It’s the most popular beverage in the world, every year over 500 billion cups of it are consumed, and it’s the second most traded commodity in the world. It’s Coffee!
For most of us, the story behind coffee is all about our relationship with it. Our first coffee in the morning. Our favorite coffee place. Our own coffee mug and our special way of making it (of course everyone else is making it the wrong way).
The thing is, we drink our coffee without a second thought as to the story of the coffee beans themselves, and it's actually an interesting one.
The Bean Belt
Coffee beans are mostly grown in the equatorial region of the Americas, southeast Asia, India and Africa - also known as the Bean Belt.
Brazil - Over 2.5 billion kg
Vietnam - Over 1.6 billion kg
Colombia - Over 800 million kg
Indonesia - Over 739 million kg
Ethiopia - Over 384 million kg
Most of the coffee crops are grown by farmers from developing countries, providing a sustainable living to many of them. Unfortunately, even under fair trade rules, from each cup of coffee drunk around the world, coffee farmers and their employees receive less than a third of one US cent.
This small amount reaching farmers is mostly due to an inefficient agricultural trading process. This process relies heavily on multiple intermediaries that handle the coffee across the supply chain. Companies like Avenews-GT help farmers transact directly with industrial food buyers to shorten the supply chain and make more profit.
In the coffee plant's natural habitat it takes between three and five years for the plant to produce the 'cherries' (with the beans inside!). When ripe, the cherries are harvested mostly by hand, although some large-scale farms use mechanical harvesters.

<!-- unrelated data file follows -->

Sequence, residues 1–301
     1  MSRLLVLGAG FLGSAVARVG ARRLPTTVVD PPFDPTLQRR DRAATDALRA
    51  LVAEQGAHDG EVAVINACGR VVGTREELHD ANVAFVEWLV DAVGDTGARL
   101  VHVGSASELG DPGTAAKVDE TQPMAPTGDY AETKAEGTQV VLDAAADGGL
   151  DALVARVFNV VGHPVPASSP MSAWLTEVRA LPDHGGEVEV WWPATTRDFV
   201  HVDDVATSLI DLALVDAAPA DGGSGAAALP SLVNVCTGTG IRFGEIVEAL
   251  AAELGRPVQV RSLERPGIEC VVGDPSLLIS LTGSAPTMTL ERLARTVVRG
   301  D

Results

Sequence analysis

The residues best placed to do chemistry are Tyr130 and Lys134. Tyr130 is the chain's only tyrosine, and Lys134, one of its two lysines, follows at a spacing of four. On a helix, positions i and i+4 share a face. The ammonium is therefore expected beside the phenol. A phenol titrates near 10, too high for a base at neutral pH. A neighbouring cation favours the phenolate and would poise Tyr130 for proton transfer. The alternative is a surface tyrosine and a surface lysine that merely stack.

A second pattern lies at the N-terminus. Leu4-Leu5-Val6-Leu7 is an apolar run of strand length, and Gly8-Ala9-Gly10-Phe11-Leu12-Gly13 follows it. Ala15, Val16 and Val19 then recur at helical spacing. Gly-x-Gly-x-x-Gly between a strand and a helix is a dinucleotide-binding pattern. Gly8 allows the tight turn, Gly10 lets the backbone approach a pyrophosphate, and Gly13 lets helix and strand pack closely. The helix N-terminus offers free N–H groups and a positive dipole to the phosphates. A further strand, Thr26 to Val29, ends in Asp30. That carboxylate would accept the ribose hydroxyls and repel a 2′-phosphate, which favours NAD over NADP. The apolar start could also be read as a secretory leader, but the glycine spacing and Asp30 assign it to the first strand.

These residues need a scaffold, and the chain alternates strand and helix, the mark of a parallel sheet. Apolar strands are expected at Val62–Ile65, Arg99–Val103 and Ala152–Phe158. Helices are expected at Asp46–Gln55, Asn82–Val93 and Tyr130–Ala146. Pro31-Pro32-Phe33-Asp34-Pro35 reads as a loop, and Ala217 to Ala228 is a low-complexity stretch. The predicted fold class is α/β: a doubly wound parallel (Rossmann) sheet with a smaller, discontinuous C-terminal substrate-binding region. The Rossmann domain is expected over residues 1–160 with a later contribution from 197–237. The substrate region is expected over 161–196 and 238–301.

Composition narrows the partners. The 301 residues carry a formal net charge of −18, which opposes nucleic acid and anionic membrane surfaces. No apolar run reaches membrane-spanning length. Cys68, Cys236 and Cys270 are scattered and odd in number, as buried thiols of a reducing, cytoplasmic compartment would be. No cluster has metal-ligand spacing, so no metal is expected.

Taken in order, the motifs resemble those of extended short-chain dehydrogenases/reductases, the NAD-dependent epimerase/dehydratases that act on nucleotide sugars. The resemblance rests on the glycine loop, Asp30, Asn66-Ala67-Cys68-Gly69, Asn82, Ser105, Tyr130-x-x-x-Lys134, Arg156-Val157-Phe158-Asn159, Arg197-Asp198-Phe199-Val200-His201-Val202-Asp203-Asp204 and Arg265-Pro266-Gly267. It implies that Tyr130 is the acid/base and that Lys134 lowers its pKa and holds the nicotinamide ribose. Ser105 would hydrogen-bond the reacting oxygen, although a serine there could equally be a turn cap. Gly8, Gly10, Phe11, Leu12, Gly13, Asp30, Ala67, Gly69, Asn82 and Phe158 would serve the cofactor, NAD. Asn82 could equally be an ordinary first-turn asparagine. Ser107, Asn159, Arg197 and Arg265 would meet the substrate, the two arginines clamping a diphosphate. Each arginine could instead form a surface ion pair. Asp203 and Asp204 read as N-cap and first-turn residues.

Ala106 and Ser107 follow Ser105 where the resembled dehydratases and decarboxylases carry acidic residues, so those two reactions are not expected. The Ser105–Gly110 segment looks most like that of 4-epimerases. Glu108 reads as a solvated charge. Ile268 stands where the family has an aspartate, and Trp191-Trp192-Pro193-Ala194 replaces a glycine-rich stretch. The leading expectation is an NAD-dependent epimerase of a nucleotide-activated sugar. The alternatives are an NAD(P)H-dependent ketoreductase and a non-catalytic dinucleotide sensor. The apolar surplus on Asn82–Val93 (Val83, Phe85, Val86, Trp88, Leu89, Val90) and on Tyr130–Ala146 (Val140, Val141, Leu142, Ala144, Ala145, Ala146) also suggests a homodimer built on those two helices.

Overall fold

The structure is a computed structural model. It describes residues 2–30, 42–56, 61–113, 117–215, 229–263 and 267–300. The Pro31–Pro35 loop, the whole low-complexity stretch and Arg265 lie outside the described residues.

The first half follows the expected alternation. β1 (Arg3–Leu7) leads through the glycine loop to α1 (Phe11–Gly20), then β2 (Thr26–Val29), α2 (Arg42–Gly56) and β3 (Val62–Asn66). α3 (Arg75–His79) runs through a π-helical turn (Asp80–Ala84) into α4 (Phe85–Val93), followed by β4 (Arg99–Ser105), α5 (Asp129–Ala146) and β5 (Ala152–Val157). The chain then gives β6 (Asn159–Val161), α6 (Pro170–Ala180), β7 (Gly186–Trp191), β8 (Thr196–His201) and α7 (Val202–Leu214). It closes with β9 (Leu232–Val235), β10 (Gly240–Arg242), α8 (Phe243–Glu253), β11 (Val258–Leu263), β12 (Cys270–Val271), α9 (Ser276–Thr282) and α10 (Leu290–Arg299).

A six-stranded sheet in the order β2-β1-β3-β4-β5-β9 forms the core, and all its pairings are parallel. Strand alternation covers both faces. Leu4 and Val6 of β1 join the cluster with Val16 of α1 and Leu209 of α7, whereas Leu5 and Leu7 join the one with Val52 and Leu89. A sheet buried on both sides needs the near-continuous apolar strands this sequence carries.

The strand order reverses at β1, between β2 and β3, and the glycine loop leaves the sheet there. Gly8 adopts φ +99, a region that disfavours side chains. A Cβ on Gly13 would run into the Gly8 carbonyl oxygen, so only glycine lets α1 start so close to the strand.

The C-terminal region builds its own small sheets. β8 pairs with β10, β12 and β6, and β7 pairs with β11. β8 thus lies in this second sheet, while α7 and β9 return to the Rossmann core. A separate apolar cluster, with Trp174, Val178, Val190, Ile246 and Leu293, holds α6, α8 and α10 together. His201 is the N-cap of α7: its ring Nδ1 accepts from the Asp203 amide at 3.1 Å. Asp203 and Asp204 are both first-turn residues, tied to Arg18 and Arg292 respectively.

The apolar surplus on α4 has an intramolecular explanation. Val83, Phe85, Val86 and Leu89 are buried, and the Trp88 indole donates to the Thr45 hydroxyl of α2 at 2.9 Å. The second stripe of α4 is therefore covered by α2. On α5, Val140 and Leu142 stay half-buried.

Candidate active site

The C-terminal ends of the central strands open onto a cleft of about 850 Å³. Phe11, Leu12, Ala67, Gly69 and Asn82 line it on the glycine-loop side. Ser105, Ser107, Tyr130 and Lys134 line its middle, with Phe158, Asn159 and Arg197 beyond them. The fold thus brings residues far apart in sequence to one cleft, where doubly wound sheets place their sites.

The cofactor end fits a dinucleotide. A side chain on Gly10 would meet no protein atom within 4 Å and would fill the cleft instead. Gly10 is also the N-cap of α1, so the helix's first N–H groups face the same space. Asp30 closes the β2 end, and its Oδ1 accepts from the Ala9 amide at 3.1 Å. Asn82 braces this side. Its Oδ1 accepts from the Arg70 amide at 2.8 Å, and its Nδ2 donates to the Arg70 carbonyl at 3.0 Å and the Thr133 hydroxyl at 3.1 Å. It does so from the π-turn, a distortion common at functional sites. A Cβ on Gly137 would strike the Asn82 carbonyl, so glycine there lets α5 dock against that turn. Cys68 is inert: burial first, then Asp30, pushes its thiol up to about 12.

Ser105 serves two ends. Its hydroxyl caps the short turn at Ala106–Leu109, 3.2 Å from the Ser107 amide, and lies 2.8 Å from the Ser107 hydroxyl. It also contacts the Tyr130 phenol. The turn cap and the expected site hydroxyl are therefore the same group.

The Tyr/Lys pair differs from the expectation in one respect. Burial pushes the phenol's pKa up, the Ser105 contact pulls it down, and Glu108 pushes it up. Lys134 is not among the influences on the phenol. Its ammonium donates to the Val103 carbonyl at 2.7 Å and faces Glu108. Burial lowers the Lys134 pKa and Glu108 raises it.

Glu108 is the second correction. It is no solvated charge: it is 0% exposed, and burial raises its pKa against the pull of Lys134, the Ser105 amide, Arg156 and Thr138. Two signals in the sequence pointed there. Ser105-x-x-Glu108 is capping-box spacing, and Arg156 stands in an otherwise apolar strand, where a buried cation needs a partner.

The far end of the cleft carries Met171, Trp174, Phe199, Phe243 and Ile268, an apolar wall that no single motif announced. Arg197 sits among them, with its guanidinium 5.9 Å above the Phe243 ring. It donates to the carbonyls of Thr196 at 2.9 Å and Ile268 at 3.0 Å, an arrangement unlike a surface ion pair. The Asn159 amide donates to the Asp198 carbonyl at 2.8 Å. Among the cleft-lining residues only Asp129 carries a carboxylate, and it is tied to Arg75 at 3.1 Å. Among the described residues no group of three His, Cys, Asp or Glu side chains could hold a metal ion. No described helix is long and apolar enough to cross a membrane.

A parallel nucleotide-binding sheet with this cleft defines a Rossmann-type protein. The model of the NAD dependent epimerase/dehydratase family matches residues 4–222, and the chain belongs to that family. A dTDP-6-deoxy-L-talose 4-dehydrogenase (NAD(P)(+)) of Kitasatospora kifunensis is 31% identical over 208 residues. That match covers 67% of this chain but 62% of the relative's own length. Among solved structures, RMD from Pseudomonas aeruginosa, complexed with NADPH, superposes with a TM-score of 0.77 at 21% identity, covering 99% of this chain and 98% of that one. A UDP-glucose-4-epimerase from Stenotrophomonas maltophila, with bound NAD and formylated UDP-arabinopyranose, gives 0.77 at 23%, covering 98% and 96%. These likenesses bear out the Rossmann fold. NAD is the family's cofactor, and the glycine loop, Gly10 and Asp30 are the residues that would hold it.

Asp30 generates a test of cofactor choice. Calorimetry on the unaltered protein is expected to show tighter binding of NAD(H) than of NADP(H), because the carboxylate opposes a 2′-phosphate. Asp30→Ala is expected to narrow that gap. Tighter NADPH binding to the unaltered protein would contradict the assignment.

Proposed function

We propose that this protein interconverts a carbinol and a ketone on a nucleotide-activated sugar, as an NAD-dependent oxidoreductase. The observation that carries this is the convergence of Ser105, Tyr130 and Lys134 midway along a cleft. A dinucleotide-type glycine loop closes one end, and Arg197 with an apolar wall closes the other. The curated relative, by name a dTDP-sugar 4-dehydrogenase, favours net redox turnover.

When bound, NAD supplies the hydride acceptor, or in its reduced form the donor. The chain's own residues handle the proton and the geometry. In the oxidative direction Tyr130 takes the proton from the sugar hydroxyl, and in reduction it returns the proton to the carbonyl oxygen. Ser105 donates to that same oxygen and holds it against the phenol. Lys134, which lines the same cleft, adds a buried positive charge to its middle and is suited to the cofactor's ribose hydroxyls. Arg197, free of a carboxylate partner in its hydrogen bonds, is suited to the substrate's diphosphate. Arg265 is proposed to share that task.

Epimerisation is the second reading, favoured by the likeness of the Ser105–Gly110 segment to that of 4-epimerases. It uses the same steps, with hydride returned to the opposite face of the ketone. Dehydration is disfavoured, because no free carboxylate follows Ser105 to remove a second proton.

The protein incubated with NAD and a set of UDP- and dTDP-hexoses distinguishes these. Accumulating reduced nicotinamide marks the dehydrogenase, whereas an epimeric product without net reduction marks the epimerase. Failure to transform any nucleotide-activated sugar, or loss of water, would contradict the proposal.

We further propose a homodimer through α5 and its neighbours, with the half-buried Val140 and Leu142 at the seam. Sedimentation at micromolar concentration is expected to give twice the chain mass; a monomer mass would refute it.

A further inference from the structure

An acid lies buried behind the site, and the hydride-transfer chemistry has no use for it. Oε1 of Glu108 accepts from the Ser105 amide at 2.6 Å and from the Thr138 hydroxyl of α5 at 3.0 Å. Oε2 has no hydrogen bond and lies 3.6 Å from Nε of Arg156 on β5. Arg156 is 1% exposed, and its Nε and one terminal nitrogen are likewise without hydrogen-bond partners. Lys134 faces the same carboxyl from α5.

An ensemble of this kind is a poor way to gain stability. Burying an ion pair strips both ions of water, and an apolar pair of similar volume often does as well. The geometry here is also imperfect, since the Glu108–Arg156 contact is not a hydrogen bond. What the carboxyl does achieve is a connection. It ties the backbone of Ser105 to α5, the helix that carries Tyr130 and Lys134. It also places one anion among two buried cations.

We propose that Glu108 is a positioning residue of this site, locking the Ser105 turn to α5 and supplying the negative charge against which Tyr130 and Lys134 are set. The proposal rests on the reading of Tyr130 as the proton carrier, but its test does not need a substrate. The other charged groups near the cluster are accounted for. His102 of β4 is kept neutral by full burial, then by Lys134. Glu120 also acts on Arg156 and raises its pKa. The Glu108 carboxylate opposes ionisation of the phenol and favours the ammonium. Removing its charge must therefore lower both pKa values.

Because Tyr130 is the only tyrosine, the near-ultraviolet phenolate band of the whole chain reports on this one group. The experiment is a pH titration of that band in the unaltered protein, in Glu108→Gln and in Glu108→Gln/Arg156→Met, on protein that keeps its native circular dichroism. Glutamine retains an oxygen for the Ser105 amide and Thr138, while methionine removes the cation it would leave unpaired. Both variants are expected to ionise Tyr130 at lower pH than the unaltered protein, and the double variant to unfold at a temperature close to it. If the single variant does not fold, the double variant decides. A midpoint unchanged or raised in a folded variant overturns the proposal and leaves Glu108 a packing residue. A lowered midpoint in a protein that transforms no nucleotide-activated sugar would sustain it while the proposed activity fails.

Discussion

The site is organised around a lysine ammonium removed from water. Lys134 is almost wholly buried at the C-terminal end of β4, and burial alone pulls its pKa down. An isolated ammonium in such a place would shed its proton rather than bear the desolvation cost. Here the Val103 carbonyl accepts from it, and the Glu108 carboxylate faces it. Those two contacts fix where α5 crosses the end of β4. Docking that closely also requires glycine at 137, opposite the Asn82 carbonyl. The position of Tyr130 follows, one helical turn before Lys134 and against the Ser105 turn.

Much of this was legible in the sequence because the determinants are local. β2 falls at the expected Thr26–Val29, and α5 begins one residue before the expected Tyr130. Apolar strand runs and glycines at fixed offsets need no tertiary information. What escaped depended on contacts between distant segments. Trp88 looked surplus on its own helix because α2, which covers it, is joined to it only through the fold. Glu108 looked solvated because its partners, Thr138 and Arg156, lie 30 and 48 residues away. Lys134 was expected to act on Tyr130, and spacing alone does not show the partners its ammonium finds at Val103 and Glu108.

The harvested coffee beans are either left to dry in the sun, or processed wet to separate the pulp and the beans. Later they are hulled and polished, then graded and sorted by quality. The next step is usually to export the unroasted green beans to their final destination where they are roasted and branded.
There are two main species of coffee bean, the Arabica and the Robusta. Arabica makes up 70% of the world's consumption and its caffeine content is slightly lower than the Robusta, which is stronger in flavour. People have their own opinions, but Arabica is considered far superior in quality to Robusta.
Coffee beans from a coffee plant that is grown without the use of synthetic fertilizers or pesticides, on soil that was given sufficient time to detoxify itself, without using any genetically modified organisms (GMO’s) and finally that was processed and packed without the involvement of any chemical.
There are few exotic coffee beans worldwide, but one of the most expensive is Kona coffee and even moreso the organic Kona coffee. Only coffee beans grown in the Kona Districts of the Big Island of Hawaii can be described as "Kona".
Organic Kona coffee is grown on fertile volcanic soil on farms that do not use chemical fertilizers or chemical pesticides. They are absolutely dependent on the fertility of the soil that is rich in nutrients from volcanic ash and lava.
Kona coffee has a distinct taste and flavor due to the climate and soil in that region and while organic Kona coffee itself is already a delicacy, the Peaberry variety is the best. A bit of advice to the coffee buyers, always check for a certificate of authenticity and “100% Organic Kona Coffee” label to avoid fraudsters that try to sell regular coffee under the Kona Coffee variety.
Emerging Coffee Markets
By riding booming demand in the developed world for specialty brews, Rwanda has made premium coffee-growing a national priority and is achieving international recognition as a producer of some of the world's best coffee.
Rwanda is characterized by high altitude, volcanic soil, plenty of sun and equatorial mist, making Rwandan coffee wonderfully sweet, either bright with clear citric characteristics, or plush and full of berry and chocolate like flavors.
Not only does it taste great, but every pound of Rwandan coffee sold directly helps the local community. According to USAID, since 2002 approximately 50,000 rural households have seen their incomes from coffee production more than double, and some 2,000 jobs have been created in the Rwandan coffee industry.
Avenews-GT is dedicated to supporting Rwandan coffee farmers. By connecting them directly to global coffee roasters we help to bring their quality product and unique story to the world.
The more you consume coffee from Rwanda, the more you give Rwanda hope.